In a new article on VoxEU, Nathan Sussman, Full Professor in International Economics and Pictet Chair in Finance and Development, addresses the reasons why many people do not use COVID-19 contact tracing apps. In Switzerland, only 21% of the population use the SwissCovid app, while take-up of 60% would be desirable for the app’s effectiveness. Data also shows that contact tracing has become ineffective during the second wave of infections in several European countries
From a review of survey results and previous research, Professor Sussman concludes that the often-cited lack of trust in the government is not a credible explanation for the apps’ low take-up. Instead, there are economic reasons behind non-use. In particular, using the app means potentially having to quarantine. Quarantine involves economic and social costs – forgoing income and social contacts.
These measures take significant time to be effective, and COVID-19 is not waiting. Therefore, we recommend immediately using easy-to-implement financial incentives and regulation.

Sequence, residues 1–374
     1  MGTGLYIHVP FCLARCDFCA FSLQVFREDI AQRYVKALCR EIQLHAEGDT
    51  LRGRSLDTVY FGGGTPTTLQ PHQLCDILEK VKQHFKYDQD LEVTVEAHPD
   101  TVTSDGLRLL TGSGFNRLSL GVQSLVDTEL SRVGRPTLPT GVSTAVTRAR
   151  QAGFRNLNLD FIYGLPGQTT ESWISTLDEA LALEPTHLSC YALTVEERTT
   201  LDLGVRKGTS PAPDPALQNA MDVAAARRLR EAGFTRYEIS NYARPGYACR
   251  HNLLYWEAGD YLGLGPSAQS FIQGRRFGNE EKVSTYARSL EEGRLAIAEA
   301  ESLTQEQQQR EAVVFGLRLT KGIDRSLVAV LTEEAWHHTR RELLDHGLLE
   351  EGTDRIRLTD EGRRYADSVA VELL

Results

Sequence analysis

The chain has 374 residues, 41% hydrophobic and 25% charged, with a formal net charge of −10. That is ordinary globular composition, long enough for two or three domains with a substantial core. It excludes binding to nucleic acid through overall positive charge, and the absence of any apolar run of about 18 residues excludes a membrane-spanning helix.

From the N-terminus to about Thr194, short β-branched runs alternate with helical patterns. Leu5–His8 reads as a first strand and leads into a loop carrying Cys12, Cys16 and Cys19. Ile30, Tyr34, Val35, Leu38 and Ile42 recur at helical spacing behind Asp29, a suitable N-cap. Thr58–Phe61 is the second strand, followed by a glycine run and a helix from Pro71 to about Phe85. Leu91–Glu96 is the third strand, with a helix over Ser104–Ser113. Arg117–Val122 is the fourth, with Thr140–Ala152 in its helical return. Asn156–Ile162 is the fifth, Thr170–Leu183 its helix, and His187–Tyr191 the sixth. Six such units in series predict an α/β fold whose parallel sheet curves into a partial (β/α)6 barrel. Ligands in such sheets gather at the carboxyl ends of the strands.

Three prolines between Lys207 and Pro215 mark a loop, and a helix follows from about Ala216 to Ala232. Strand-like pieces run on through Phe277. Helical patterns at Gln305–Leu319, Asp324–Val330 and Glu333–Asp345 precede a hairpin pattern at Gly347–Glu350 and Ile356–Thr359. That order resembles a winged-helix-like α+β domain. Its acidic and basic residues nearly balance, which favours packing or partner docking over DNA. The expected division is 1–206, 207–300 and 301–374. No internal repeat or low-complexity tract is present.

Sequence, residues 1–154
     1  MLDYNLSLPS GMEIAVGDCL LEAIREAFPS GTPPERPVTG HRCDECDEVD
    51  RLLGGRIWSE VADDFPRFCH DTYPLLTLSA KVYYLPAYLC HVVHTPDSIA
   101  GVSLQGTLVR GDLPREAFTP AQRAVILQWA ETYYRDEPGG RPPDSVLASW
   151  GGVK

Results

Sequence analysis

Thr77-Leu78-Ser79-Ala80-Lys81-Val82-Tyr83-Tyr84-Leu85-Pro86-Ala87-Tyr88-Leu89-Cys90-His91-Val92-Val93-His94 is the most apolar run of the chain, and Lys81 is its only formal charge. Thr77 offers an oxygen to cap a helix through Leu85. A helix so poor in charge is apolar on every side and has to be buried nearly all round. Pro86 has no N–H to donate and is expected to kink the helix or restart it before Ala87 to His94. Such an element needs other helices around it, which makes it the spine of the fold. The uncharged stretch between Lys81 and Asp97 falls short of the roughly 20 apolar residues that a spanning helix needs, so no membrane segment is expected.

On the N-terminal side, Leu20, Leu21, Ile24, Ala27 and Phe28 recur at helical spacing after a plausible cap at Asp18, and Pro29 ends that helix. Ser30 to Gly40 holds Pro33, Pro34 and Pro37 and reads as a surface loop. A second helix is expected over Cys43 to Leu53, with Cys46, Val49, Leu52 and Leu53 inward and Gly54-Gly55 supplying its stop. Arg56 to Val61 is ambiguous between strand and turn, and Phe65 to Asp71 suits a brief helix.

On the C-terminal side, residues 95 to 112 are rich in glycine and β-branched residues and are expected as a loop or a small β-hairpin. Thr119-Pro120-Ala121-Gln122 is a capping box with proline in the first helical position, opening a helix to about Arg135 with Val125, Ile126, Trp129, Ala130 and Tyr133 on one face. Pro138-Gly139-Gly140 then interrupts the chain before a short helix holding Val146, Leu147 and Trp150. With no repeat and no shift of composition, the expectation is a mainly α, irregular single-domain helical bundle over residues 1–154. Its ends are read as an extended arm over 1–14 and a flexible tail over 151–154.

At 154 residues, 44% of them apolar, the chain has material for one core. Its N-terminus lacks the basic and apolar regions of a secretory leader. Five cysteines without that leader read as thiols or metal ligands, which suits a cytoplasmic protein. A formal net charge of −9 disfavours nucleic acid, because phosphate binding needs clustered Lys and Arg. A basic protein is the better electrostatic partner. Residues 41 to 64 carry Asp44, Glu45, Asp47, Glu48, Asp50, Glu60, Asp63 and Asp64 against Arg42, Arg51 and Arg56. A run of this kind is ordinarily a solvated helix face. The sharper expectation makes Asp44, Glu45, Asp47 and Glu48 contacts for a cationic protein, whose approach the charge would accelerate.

For incentivising more people to use the app, Professor Sussman proposes a holistic policy including education, public campaigns, trust-building, accountability, and nudging. One of his concrete proposals to tackle the economic and social costs of quarantine is to guarantee paid leave to everyone who has to quarantine following an app notification. Potentially, these persons could also be provided with vouchers for delivery services or even for entertainment services like Netflix to make the quarantine more agreeable.
Read the full article here on VoxEU, where it was posted on 18 December 2020.
On 27 October 2020, the Graduate Institute hosted an event with several experts from Switzerland and abroad discussing economic incentives for the use of COVID-19 tracing apps. A video recording of this event is available.